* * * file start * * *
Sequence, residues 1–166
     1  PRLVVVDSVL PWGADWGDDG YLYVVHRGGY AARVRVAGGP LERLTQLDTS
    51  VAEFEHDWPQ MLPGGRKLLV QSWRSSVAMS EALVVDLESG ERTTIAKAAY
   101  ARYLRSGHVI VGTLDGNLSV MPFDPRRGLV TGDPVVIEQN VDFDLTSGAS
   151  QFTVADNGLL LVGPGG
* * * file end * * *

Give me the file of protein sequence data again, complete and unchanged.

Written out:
Sequence, residues 1–166
     1  PRLVVVDSVL PWGADWGDDG YLYVVHRGGY AARVRVAGGP LERLTQLDTS
    51  VAEFEHDWPQ MLPGGRKLLV QSWRSSVAMS EALVVDLESG ERTTIAKAAY
   101  ARYLRSGHVI VGTLDGNLSV MPFDPRRGLV TGDPVVIEQN VDFDLTSGAS
   151  QFTVADNGLL LVGPGG